I could have imagined him to have recently returned from the chase, laden with booty, with which he had, as is the custom, entered the lodge of the fair one, and thrown his burden at the feet of her parents, with an indifferent, superb sort of air, as much as to say, "Here is some meat—it is a mere trifle, but it will show you what you might expect with me for a son-in-law." I could not doubt that the damsel had stepped forward and gathered it up, in token that she accepted the offering, and the donor along with it. There was nothing in the appearance or manner of any of the maidens by whom we were surrounded, to denote which was the happy fair, neither, although I peered anxiously into all their countenances, could I there detect any blush of consciousness; so I was obliged to content myself with selecting the youngest and prettiest of the group, and go on weaving my romance to my own satisfaction.

The village stood encircled by an amphitheatre of hills, so precipitous, and with gorges so steep and narrow, that it seemed almost impossible to scale them, even on horseback; how, then, could we hope to accomplish the ascent of the four-wheeled carriage? This was the point now under discussion between my husband and the Pottowattamies. There was no alternative but to make the effort, selecting the pass that the inhabitants pointed out as the most practicable. Petaille went first, and I followed on my favorite Jerry. It was such a scramble as is not often taken,—almost perpendicularly, through what seemed the dry bed of a torrent, now filled with loose stones, and scarcely affording one secure foothold from the bottom to the summit! I clang fast to the mane, literally at times clasping Jerry around his neck, and, amid the encouraging shouts and cheers of those below, we at length arrived safely, though nearly breathless, on the pinnacle, and sat looking down, to view the success of the next party.

The horses had been taken from the carriage, the luggage it contained being placed upon the shoulders of some of the young Indians, to be toted up the steep. Ropes were now attached to its sides, and a regular bevy of our red friends, headed by our two Frenchmen, placed to man them. Two or three more took their places in the rear, to hold the vehicle and keep it from slipping backwards—then the labor commenced. Such a pulling! such a shouting! such a clapping of hands by the spectators of both sexes! such a stentorian word of command or encouragement from the bourgeois! Now and then there would be a slight halt, a wavering, as if carriage and men were about to tumble backwards into the plain below; but no—they would recover themselves, and after incredible efforts they too safely gained the table-land above. In process of time all were landed there, and, having remunerated our friends to their satisfaction, the goods and chattels were collected, the wagon repacked, and we set off for our encampment at Turtle Creek.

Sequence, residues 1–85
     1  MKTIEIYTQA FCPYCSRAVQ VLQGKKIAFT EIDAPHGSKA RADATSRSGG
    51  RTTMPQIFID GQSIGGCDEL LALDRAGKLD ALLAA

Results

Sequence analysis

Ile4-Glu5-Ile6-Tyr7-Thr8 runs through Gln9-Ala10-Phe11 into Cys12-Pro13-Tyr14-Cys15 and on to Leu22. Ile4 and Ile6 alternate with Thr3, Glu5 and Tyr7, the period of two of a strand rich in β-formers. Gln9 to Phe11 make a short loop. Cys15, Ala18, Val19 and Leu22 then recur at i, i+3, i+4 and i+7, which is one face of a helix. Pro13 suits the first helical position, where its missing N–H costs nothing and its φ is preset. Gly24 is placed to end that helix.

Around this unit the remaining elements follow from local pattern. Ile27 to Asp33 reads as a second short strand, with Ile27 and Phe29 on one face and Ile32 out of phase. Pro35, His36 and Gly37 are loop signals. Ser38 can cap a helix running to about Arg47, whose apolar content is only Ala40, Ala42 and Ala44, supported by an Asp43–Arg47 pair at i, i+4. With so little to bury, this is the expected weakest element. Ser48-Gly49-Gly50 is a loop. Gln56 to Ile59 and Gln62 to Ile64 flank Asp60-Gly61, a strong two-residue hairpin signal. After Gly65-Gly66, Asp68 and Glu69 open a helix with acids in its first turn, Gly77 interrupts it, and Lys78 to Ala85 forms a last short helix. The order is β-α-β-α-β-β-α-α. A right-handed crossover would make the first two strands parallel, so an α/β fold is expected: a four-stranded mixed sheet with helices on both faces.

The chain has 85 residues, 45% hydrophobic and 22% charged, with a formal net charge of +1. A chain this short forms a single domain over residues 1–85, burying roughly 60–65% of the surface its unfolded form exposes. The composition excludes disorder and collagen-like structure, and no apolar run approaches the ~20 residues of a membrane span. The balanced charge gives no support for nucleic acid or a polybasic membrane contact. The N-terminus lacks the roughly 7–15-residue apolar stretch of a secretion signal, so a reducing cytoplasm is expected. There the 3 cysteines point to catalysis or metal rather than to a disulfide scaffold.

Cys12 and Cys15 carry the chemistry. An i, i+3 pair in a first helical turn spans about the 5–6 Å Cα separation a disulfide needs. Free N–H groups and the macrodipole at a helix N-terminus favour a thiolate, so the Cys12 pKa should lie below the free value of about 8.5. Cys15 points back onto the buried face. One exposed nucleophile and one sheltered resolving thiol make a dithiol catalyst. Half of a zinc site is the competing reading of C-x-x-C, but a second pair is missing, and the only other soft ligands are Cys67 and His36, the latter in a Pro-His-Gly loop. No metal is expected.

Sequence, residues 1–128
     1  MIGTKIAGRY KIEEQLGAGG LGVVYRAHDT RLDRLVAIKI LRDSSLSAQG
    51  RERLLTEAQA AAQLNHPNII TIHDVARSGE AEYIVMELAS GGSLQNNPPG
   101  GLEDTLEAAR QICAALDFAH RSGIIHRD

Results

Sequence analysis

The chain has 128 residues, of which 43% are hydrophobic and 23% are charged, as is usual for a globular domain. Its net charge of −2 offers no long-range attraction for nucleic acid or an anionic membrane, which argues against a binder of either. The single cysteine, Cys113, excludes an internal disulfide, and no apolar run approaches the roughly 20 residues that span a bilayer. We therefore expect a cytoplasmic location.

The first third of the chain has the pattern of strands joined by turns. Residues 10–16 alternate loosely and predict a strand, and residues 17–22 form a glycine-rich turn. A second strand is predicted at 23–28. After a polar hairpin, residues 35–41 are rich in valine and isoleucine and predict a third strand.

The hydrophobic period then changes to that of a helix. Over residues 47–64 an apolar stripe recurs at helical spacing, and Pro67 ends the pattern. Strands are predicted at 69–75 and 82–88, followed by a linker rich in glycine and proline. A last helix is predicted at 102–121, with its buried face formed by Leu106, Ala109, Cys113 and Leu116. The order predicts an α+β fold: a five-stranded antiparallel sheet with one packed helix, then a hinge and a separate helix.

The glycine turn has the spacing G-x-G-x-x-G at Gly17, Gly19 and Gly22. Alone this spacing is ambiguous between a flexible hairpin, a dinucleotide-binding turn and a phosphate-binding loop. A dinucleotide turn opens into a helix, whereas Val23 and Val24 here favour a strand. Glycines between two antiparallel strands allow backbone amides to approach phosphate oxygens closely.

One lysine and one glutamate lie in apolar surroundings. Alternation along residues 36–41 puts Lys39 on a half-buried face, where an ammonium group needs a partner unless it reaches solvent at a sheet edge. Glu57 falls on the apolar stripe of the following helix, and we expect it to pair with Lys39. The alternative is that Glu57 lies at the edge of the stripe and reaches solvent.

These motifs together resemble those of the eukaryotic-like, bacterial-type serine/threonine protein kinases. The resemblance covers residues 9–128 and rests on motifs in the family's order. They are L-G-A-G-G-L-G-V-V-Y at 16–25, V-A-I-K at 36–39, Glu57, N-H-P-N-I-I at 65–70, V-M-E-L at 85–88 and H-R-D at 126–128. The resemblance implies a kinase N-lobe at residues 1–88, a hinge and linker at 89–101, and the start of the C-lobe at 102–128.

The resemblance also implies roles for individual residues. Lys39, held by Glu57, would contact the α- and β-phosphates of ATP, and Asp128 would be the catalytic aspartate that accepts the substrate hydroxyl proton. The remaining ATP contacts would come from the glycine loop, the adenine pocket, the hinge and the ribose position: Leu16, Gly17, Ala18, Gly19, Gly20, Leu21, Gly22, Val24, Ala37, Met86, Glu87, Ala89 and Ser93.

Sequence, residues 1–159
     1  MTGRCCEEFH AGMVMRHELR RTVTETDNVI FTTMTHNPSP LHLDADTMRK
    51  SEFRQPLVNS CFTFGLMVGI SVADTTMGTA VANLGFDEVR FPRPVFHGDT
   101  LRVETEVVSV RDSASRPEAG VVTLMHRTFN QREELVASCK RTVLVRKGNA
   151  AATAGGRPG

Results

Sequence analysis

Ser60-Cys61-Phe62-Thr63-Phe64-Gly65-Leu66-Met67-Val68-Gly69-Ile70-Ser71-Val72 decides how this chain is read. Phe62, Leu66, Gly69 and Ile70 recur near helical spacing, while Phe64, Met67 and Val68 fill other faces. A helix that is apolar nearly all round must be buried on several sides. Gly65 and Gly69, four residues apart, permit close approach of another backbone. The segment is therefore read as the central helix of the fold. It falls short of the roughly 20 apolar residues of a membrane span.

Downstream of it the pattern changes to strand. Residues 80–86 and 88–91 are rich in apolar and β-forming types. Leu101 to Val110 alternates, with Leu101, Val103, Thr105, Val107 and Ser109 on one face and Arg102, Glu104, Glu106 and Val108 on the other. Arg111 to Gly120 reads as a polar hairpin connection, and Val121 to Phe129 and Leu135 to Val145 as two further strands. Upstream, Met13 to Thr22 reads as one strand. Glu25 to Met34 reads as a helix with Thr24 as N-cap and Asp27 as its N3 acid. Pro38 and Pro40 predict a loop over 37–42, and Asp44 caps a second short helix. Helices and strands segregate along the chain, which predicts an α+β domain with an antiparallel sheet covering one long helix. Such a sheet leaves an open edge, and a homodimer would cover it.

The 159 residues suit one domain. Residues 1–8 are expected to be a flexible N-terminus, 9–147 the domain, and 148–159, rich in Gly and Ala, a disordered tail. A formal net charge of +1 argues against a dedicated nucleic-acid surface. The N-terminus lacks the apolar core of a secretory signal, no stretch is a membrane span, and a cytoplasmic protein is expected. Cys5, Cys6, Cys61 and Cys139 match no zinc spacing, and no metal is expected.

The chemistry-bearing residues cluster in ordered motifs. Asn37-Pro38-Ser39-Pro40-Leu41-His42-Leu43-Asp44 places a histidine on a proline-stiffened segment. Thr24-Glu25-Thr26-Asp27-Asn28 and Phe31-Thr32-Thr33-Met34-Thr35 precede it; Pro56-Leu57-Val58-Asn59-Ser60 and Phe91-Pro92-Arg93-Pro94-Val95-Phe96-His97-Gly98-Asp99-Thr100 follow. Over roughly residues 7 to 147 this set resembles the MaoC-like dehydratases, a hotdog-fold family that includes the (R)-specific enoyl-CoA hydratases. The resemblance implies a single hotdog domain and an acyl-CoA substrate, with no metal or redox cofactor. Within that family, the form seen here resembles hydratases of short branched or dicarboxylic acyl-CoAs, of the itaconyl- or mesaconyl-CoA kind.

The exertions and excitement of our laborious ascent, together with the increasing heat of the sun, made this afternoon's ride more uncomfortable than anything we had previously felt. We were truly rejoiced when the whoop of our guide, and the sight of a few scattered lodges, gave notice that we had reached our encamping-ground. We chose a beautiful sequestered spot by the side of a clear, sparkling stream, and, having dismounted and seen that our horses were made comfortable, my husband, after giving his directions to his men, led me to a retired spot where I could lay aside my hat and mask and bathe my flushed face and aching head in the cool, refreshing waters. Never had I felt anything so grateful, so delicious. I sat down, and leaned my head against one of the tall, overshadowing trees, and was almost dreaming, when summoned to partake of our evening meal.

The Indians had brought us, as a present, some fine brook trout, which our Frenchmen had prepared in the most tempting fashion, and before the bright moon rose and we were ready for oar rest, all headache and fatigue had alike disappeared.

* * * * *

One of the most charming features of this mode of travelling is the joyous, vocal life of the forest at early dawn, when all the feathered tribe come forth to pay their cheerful salutations to the opening day.

The rapid, chattering flourish of the bob-o'-link, the soft whistle of the thrush, the tender coo of the wood-dove, the deep, warbling bass of the grouse, the drumming of the partridge, the melodious trill of the lark, the gay carol of the robin, the friendly, familiar call of the duck and the teal, resound from tree and knoll and lowland, prompting the expressive exclamation of the simple half-breed,—

"Voila la foret qui parle!"[46]

It seems as if man must involuntarily raise his voice, to take part in the general chorus—the mating song of praise.